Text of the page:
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Kneaded Bread Recipes

Thank you, Tassajara Bread Book, for forty wonderful years!

My first bread book was the Tassajara Bread Book, first published in 1970 by an American living in a Zen Monastery. (He still does). Forty years ago! Can it be so? I put contact paper on the cover long ago, which kept the covers together but not on the book, and the pages are brown and stained, and there's a place or two where the book came under attack by roaches living with me in an apartment in Atlanta. It remains my bread bible.

Basic Bread Dough from Tassajara Bread book: Whole Wheat, White, or Mixed

Bread loaves, Pita bread, Pizza, soft pretzels, Pain du Chocolat: Bread dough is versatile and it does NOT have to involve a lot of uncertainty. Just follow these five simple rules:

  1. Use the right flour! At the health food store, the right whole wheat flour will be labeled "Hard Red Winter Wheat"; at the grocery store, the right white flour will be labeled "Bread Flour." No kidding! These flours have extra gluten in them, important to getting the rise and texture you are expecting. Feel free to mix whole wheat and white; I usually make my sponge with whole wheat and then finish off with white.
  2. Go Slow when adding flour in any stage. Add a little and stir, add a little and knead. It will actually take you longer to get where you want to go if you dump a lot of flour in at one time.
  3. Let the sponge rise TWICE before you stir in the salt and oil. Salt and oil inhibit yeast. Let the sponge work without them.
  4. "Double in bulk" means just that: not 3 times original size. In this case, more is not better: let it rise more than twice its original size and you will end up with a bitter, worn-out dough.
  5. You will need about 3 times as much flour as water.
  6. One package of active dry yeast = 2.25 t (scant 1T) active dry yeast.
  7. One t of active dry yeast per cup of flour is a conventional standard.

Prepare your sponge:

Into a warm 8-quart bowl or cast-iron pot place:
  • Three c warm water
  • 1/2 c cup sugar
  • Scant 2 T active dry yeast.
Stir a bit. Then add, cupful by cupful, enough flour to make a flexible and stretchy mud, beating well between each addition.

That rubber-band texture you feel forming in the mud is GLUTEN, the key to a fine, high rising loaf of bread! Most people develop gluten by kneading... we do it the easier way.

  1. When you have added sufficient flour, beat that mud 100 times!
  2. Cover the bowl/ pot and put in a warm, NOT HOT, location away from drafts.
  3. Let sponge double in bulk (about 30 minutes), and then beat it down.
  4. Let sponge double in bulk again.

Finish and proof your dough:

  • Pour 1/8 c oil on top.
  • Sprinkle scant 2T salt on top of dough;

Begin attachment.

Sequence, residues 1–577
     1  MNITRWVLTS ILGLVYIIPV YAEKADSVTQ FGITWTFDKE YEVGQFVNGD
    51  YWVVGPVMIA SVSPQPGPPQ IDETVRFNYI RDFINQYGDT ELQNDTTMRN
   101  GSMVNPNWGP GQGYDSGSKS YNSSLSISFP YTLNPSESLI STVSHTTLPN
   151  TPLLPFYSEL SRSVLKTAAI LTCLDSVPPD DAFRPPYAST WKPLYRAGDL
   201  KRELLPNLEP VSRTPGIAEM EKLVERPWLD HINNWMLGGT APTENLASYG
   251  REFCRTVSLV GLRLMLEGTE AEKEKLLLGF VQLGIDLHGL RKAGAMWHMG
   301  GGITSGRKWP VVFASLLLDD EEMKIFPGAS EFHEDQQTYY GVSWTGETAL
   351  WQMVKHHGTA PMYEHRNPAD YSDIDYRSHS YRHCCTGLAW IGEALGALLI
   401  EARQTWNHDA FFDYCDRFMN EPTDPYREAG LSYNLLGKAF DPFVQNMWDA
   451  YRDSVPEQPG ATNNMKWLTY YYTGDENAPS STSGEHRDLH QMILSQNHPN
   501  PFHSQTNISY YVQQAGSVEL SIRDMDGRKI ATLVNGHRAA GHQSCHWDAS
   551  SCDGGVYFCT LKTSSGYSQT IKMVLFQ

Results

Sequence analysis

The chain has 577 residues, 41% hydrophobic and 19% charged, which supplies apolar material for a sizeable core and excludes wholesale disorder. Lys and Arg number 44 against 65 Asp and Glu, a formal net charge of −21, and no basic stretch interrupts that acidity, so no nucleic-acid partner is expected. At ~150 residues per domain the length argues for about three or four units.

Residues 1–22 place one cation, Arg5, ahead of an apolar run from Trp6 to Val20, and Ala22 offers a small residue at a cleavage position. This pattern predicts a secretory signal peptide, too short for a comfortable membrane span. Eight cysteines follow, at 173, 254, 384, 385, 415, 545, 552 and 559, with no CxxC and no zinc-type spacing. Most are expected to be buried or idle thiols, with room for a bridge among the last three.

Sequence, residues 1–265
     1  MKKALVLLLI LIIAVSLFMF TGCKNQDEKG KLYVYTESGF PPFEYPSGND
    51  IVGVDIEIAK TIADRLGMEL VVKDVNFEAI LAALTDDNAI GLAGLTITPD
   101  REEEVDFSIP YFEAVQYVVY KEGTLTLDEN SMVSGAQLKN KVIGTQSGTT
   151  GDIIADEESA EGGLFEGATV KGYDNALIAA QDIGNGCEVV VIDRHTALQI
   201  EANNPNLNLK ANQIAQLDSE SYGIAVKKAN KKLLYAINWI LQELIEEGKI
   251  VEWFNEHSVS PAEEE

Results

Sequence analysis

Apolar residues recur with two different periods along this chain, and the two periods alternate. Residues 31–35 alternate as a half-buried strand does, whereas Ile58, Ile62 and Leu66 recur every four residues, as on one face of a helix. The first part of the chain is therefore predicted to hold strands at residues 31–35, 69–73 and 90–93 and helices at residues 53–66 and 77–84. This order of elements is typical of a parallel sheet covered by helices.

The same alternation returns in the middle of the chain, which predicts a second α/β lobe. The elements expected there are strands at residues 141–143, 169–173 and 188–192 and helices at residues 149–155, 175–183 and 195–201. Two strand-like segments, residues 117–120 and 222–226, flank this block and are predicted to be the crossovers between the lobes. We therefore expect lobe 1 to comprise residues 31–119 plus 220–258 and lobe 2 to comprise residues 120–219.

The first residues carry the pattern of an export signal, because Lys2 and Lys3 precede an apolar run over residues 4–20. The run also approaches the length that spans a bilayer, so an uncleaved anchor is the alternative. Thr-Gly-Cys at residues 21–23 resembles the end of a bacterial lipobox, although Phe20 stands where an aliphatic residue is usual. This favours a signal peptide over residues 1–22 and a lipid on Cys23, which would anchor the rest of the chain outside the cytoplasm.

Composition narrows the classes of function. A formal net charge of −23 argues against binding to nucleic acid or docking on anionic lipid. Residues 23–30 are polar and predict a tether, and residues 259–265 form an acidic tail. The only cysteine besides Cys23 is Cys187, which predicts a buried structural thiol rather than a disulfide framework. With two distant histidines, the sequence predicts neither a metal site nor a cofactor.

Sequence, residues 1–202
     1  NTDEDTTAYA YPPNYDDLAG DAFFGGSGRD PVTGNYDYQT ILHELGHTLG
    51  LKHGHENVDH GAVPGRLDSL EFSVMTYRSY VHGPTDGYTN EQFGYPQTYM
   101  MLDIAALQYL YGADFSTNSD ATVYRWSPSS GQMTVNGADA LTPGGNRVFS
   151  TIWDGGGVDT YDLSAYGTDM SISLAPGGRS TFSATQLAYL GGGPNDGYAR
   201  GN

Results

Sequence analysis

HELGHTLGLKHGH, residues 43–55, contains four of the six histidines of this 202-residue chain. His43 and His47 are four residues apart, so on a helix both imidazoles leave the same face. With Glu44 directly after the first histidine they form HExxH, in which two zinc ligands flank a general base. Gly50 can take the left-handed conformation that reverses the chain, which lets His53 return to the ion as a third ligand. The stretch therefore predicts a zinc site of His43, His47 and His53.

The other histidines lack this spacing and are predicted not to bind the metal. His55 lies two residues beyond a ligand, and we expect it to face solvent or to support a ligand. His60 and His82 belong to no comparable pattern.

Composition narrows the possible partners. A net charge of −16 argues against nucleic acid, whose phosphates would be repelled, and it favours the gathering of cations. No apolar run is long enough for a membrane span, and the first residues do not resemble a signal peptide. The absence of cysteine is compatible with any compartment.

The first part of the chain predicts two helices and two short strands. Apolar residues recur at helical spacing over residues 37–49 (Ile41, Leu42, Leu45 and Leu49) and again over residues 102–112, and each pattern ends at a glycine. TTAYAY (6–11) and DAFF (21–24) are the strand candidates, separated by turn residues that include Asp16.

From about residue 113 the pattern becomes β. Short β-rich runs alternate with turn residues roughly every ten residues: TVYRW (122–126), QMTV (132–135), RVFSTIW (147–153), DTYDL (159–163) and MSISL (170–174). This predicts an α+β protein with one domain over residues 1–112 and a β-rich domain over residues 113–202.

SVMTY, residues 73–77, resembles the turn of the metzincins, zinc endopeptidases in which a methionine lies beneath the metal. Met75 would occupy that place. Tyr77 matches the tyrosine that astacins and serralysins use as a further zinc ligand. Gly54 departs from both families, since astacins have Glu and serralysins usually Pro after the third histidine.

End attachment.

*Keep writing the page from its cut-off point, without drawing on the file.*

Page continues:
• Using a strong wooden spoon, slowly mix in flour until the sponge stiffens and starts pulling away from the walls of the container.

Now you have to do a little manual labor: knead this sponge into a real bread dough. The sponge should already be well developed (very springy) from the two risings; your task at this time is to fine-tune the dough, making sure that it has a seamless, non sticky resiliency.

At this point I will lay a small damp dish towel on the counter or table and lay a large cutting board on top of it. (The damp dish towel keeps the board from moving around.) You can knead on any surface you choose: table, counter, inside the pot (although that is awkward).

Flour the board and turn your sponge out onto it. Scrape the bowl and add the scrapings.

Now, knead a little, add a little flour. If your fingers start collecting dough, flour your fingers and rub the dough off. Do not try to add the flour all at once; this dough firms up a lot slower than a cake mix and you have to go slow in order to develop the gluten and to find out when to stop adding flour. This step takes me about ten minutes.

Then grease the original 8-quart pot/bowl again, place the dough in it, turn the dough over so the greasy side is up, cover it, and let it rise until double in bulk (about thirty minutes).

Shape and cook your bread:

Always remember to maintain the integrity of the dough: lightly knead every unit (loaf, pita, pretzel) a time or two before shaping so that it will acquire its own identity: it should not look ragged and torn off.

If you want to save the dough (it will keep for up to a week if kept punched down), place dough in plastic storage container with lid and put in refrigerator. Keep an eye on it over the next few hours; it will continue to rise until it is fully chilled. Punch down when necessary. Check dough every day and punch down when necessary. Allow to come to room temperature before attempting to use it.

Then choose your bread shape from below and cook it as advised.

  • The best way to grease a bread pan is with the oil sprays, like PAM, but a thin coat of oil will do just fine...That's how we got along for thousands of years before aerosol spray cans.
  • How will you know it is done? You will hear a hollow sound and the inside doesn't seem to be collapsing when you thump on the bread. And LET IT STAND for 5 or ten minutes before turning it out of the pan... and another 15 minutes if you intend to slice it.

Cleaning Up:

Uh oh! Do NOT use any other than the smooth side of a sponge or cloth to clean up. Flour and gluten LOVE to get caught in the tangled and rough sides of sponges, scrubbies and etc. Remember that damp towel I put between the counter and the kneading board? It is microfiber and a real champ at cleaning up without needed crazy amounts of chemicals!